The political turmoil that has engulfed the Middle East and North Africa in recent months was both necessary and beneficial over the long-term, according to speakers at Private Equity International's Middle East Forum, who spoke positively about the prospects for private equity in the region.
Jeremy Coller, chief investment officer of Coller Capital, said: “Trying to work out what’s happening here over the past few months has been like chasing a moving target – pardon the pun. But it’s an incredibly exciting time for the region – almost too exciting.”
Coller compared the Middle East and North Africa markets to Brazil 15 years ago: “More than 300 million people, half of them young and huge capital available to go with that huge population. There’s a massive opportunity here as the political atrophy of places like Egypt is replaced by new regimes coming in, and capital from places like Abu Dhabi is used to fuel the regional economy.”
The turmoil in the region has stymied the tentative recovery following the global economic crisis, according to panellists. This has impacted fundraising and investment activity in the short term, according to Mustafa Abdel-Wadood, managing director of private equity group Abraaj Capital.
Over the last few months, we've learnt that extraordinary is the new ordinary. As with many emerging markets, a changing environment can create opportunities.
“We will see something of a slowdown in the recovery that’s taken place since the economic crisis. But longer-term, the region’s demographics and story still hold. It’s one of the fastest growing emerging markets and is very much under-invested.”
Abdel-Wadood added: “Over the last few months, we’ve learnt that extraordinary is the new ordinary. As with many emerging markets, a changing environment can create opportunities. Private equity isn’t about the moment, it’s about stepping back and looking at longer-term market fundamentals.”
Those fundamentals were spelled out by Jeffrey Singer, chief executive of NASDAQ Dubai, who said: “The governments of Saudi Arabia and Egypt are going to plough a lot of capital into their economies, which will have a big impact on the wider region. Over the next three to five years, the amount of money set to be invested in infrastructure will ensure it remains a place of growth.”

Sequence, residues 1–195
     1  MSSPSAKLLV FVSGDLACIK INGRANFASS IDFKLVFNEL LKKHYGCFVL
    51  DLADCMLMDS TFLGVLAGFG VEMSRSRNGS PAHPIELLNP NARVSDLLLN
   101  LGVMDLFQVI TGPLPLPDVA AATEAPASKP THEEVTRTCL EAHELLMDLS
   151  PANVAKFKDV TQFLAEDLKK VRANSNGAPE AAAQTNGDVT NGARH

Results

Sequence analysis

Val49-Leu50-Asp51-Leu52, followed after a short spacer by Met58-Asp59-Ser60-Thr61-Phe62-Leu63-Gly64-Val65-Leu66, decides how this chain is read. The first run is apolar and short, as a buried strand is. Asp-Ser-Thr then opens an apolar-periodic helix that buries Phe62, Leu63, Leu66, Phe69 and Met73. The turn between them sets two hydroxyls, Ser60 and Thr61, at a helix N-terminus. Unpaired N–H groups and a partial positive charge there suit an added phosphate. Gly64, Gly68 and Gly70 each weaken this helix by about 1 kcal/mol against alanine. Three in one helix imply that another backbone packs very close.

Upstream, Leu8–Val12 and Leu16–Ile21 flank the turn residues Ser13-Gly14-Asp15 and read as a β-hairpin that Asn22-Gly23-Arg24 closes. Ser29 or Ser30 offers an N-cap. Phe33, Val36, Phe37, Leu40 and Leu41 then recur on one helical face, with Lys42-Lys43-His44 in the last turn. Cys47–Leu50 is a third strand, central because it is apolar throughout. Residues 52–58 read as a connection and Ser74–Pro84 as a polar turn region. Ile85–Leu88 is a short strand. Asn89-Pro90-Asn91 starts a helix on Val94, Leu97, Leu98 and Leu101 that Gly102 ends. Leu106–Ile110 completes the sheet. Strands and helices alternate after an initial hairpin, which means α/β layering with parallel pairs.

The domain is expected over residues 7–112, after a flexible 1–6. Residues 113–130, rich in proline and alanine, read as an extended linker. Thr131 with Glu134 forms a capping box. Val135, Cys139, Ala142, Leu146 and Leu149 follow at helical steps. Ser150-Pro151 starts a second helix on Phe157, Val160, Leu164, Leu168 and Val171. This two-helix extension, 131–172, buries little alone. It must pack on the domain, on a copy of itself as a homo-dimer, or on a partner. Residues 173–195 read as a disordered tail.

If political events in the MENA region are throwing up ever more attractive investment opportunities, the global financial crisis of recent years has also caused fundamental changes to the private equity model as the industry adapted to survive.
Roberto Quarta, a partner and European chairman at global private equity firm Clayton, Dubilier & Rice, said: “We needed to change, and we have changed. Private equity has had to become more transparent. We have acknowledged that if we’re buying companies which employ a large proportion of a country’s workforce, we owe those people a social responsibility.”
Quarta also envisaged a significant role for private equity managers: “There’s an opportunity now for private equity
Private equity has had to become more transparent. We have acknowledged that if we're buying companies which employ a large proportion of a country's workforce, we owe those people a social responsibility.
Hisham El-Khazindar, managing director and co-founder of private equity firm Citadel Capital, spelled out in an onstage interview session what that meant for Egypt. He said: “Egypt’s competitiveness in the global economy – as an export and manufacturing hub as well as in its capacity as a destination for foreign capital – will only rise as long-term political risk is mitigated by greater democracy. We see we are on the right side of macro trends.”
Institutional investors at the Forum encouraged local general partners to court foreign capital, engage more closely with investors, and sell the region's strong fundamentals and private equity opportunity to them.